The Joy of Book Journals
“It’s got an orange cover and it’s by Richard Someone or maybe Roberta.” In the ten minutes it takes me to wander down to Mr’s B’s Emporium for a book I’ve just seen reviewed somewhere, I’ve often forgotten the title and author. And, like most people, I’d struggle to recall more than the general gist of a book a month after finishing it, or to quote an actual sentence. Our memories just don’t work in that way.
So I have a little book. A book journal. Not that exciting on the outside, but the inside is stuffed full of notes and cuttings and the occasional cartoon. I write brief notes on most of the books I read. I started when I was doing an MA in Writing for Young People at Bath Spa University as I had to cite them in essays. If an author used a technique I might want to explore like multiple narratives or a diary format, this was all duly noted ready to use for reference.
I’ve carried on with the journal because it helps with my own writing. What makes me love this character or find the dialogue convincing? Am I ever bored and skipping sections or is the author making me stay up late to keep on to the end? I’m reading as a writer looking at the craft of the author. And I don’t want to waste that process – so I need an aide-memoire.
I’ve never shown anyone before but here’s a sneaky peak inside my book journals and a flavour of the random notes I’ve made:
I loved Sally Gardner’s Maggot Moon and copied out the dedication: “For you the dreamers. Overlooked at school. Never won prizes. You who will own tomorrow.” I was genuinely creeped out by Alex Bell’s Frozen Charlotte and for Lisa Williamson’s The Art of Being Normal I’ve underlined a cryptic “good on desire”. In Peter Bunzl’s Cogheart I admired the way the book resolved to give satisfaction but left threads for the next book.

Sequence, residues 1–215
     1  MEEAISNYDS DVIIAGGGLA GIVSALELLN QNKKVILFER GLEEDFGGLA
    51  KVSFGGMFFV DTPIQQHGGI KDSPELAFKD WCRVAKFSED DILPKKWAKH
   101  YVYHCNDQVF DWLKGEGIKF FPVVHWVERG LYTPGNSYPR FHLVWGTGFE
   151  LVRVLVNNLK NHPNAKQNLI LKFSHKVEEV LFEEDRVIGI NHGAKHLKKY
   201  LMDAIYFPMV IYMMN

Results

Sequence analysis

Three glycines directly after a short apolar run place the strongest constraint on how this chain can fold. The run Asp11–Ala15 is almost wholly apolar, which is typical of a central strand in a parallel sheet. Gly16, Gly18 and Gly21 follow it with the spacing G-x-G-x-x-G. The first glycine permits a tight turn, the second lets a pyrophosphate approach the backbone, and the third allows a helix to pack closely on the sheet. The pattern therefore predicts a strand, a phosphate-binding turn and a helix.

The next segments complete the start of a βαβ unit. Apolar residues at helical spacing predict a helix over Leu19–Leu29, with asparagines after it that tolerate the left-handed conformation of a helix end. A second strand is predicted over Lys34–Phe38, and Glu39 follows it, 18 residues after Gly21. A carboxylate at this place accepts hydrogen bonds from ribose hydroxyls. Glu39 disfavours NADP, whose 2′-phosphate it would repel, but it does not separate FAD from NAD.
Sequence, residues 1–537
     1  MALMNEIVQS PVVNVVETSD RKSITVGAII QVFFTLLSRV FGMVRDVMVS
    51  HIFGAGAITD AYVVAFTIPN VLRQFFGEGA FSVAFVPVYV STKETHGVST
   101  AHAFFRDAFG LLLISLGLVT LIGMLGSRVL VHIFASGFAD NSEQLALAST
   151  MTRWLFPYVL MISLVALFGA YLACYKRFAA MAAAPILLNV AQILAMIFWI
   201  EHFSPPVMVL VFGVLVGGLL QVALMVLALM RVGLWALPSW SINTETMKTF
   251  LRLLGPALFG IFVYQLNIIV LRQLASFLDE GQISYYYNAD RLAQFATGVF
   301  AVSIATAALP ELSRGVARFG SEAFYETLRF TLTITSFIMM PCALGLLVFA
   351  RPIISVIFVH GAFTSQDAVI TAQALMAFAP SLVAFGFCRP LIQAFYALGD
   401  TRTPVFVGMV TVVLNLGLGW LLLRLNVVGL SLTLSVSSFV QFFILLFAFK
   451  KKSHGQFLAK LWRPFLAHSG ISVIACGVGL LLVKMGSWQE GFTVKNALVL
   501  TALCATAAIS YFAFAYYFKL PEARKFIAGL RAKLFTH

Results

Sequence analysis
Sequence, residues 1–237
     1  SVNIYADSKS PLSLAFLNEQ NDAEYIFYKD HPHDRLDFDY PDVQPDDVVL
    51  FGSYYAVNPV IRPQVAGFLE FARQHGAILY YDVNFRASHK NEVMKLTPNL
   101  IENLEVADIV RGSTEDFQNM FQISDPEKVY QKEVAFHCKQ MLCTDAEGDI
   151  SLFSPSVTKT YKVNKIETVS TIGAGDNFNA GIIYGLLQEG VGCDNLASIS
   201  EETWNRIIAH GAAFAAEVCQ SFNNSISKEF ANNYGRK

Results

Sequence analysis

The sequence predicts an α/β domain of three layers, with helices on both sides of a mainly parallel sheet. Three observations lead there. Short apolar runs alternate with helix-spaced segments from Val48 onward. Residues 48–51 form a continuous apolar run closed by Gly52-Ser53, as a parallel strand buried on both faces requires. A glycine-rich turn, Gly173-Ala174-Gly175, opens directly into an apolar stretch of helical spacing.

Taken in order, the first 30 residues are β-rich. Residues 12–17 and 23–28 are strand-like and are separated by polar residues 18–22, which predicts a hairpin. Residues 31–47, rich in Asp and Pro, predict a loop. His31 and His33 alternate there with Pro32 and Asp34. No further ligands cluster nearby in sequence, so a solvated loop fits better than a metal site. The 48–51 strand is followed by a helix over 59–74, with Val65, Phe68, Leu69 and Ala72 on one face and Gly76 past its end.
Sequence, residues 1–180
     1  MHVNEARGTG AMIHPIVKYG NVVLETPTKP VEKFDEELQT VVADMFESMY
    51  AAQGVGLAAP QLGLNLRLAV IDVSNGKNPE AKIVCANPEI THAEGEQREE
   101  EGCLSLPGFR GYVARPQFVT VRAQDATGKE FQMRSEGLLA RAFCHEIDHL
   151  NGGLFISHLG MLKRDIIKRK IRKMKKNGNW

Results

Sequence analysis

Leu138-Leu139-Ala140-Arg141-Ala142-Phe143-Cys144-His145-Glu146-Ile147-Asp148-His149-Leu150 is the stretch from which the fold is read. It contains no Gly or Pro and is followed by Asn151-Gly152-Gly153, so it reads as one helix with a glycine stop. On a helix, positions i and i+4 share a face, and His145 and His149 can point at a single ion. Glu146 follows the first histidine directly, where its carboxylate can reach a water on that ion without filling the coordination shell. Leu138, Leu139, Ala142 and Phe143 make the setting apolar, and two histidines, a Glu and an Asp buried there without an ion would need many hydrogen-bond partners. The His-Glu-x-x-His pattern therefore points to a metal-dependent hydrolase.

The line which really tickled me in David Solomon’s My Brother is a Superhero was: “I don’t know what it was but something about the situation made people want to cook meat slowly in large pots.” That still makes me laugh. From Rachel Ward’s Numbers I’d picked out a well-done sex scene on page 135, which I seem to remember involved hay and a barn, and in David Almond’s A Song for Ella Grey I wished I’d written the prose on pages 51 and 275.
These notes are all very personal to me and my experience of the books. As I flick through, I’m transported back into those stories and how I felt about them. And reviewing the notes gives a better chance of the information making it into long-term memory.
So I’d strongly recommend keeping a book journal if you want to be a writer. Make your own peculiar comments and build up a bespoke “How to write” handbook full of the bits which interest you. Plus, it’s a good reason if you needed one to buy more stationery.
Oh, and those clever bookseller types at Mr B’s who like a challenge found the book I was after. The orange book written by Richard/Roberta turned out to be Mr Penumbra’s 24-Hour Bookstore by Robin Sloan. And the cover is blue.
Written by Tracy Darnton
Tracy Darnton’s The Truth About Lies will be published by Stripes on July 12th 2018. Now she’s written a thriller on memory, she hopes to be much better at remembering.
Follow Tracy on Twitter @TracyDarnton